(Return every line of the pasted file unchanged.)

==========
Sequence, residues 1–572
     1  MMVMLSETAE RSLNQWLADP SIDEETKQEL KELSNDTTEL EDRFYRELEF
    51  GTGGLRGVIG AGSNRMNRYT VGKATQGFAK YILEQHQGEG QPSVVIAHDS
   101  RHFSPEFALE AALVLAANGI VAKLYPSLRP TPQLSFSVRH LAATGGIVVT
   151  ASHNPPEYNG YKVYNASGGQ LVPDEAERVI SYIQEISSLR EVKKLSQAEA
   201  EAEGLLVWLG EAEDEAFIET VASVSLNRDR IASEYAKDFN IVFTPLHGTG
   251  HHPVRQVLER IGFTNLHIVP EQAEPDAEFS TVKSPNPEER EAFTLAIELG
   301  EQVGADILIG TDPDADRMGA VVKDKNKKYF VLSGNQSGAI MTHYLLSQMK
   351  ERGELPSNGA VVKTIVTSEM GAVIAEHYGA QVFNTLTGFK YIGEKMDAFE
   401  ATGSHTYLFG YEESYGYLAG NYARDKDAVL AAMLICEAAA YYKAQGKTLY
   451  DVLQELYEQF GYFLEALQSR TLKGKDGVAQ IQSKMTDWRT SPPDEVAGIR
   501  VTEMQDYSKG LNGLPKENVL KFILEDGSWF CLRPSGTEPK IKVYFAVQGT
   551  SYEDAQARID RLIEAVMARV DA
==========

Sequence, residues 1–572
     1  MMVMLSETAE RSLNQWLADP SIDEETKQEL KELSNDTTEL EDRFYRELEF
    51  GTGGLRGVIG AGSNRMNRYT VGKATQGFAK YILEQHQGEG QPSVVIAHDS
   101  RHFSPEFALE AALVLAANGI VAKLYPSLRP TPQLSFSVRH LAATGGIVVT
   151  ASHNPPEYNG YKVYNASGGQ LVPDEAERVI SYIQEISSLR EVKKLSQAEA
   201  EAEGLLVWLG EAEDEAFIET VASVSLNRDR IASEYAKDFN IVFTPLHGTG
   251  HHPVRQVLER IGFTNLHIVP EQAEPDAEFS TVKSPNPEER EAFTLAIELG
   301  EQVGADILIG TDPDADRMGA VVKDKNKKYF VLSGNQSGAI MTHYLLSQMK
   351  ERGELPSNGA VVKTIVTSEM GAVIAEHYGA QVFNTLTGFK YIGEKMDAFE
   401  ATGSHTYLFG YEESYGYLAG NYARDKDAVL AAMLICEAAA YYKAQGKTLY
   451  DVLQELYEQF GYFLEALQSR TLKGKDGVAQ IQSKMTDWRT SPPDEVAGIR
   501  VTEMQDYSKG LNGLPKENVL KFILEDGSWF CLRPSGTEPK IKVYFAVQGT
   551  SYEDAQARID RLIEAVMARV DA